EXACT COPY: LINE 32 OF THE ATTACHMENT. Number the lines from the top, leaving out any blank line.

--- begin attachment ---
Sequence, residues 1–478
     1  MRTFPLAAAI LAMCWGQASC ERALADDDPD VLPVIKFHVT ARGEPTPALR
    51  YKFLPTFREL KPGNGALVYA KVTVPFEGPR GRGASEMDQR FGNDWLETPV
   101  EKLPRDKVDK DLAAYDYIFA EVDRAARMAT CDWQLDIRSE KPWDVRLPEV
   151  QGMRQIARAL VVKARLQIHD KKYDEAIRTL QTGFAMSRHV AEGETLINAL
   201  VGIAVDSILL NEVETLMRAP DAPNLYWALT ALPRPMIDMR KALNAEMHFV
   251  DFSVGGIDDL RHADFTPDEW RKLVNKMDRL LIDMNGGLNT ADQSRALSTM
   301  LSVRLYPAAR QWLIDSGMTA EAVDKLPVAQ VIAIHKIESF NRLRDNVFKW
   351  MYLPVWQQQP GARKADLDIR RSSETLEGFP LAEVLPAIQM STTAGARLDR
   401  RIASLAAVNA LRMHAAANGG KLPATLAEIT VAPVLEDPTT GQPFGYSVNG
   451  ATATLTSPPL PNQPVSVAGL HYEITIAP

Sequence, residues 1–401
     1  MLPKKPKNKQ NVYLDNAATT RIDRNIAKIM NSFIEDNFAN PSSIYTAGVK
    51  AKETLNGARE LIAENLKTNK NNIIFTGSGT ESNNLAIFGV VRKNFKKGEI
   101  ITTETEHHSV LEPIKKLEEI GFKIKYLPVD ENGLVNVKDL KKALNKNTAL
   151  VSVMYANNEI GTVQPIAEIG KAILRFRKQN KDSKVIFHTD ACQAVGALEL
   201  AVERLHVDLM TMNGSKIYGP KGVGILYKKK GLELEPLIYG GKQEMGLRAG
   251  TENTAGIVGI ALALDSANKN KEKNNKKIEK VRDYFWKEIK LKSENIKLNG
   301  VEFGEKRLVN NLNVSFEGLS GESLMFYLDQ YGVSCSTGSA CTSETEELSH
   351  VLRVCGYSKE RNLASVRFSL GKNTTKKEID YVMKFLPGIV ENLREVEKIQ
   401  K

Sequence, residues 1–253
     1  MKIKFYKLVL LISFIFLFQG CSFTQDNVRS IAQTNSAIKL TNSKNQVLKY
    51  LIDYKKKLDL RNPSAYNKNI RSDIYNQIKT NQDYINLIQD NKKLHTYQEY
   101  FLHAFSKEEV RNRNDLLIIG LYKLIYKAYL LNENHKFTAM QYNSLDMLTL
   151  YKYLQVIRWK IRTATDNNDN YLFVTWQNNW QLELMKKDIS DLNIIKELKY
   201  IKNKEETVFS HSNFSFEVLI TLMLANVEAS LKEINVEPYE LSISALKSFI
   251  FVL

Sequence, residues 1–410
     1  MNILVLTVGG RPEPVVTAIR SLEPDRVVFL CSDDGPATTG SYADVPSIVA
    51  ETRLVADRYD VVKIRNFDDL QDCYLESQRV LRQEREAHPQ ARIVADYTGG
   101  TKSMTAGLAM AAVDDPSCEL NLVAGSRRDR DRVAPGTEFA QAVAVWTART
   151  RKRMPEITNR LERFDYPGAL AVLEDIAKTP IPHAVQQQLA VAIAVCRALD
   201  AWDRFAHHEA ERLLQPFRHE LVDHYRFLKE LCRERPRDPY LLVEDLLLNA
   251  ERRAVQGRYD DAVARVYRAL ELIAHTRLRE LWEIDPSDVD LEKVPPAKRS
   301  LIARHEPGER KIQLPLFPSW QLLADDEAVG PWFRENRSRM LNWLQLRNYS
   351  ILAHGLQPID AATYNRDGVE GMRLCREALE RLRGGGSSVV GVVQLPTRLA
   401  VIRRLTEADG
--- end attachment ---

   101  TKSMTAGLAM AAVDDPSCEL NLVAGSRRDR DRVAPGTEFA QAVAVWTART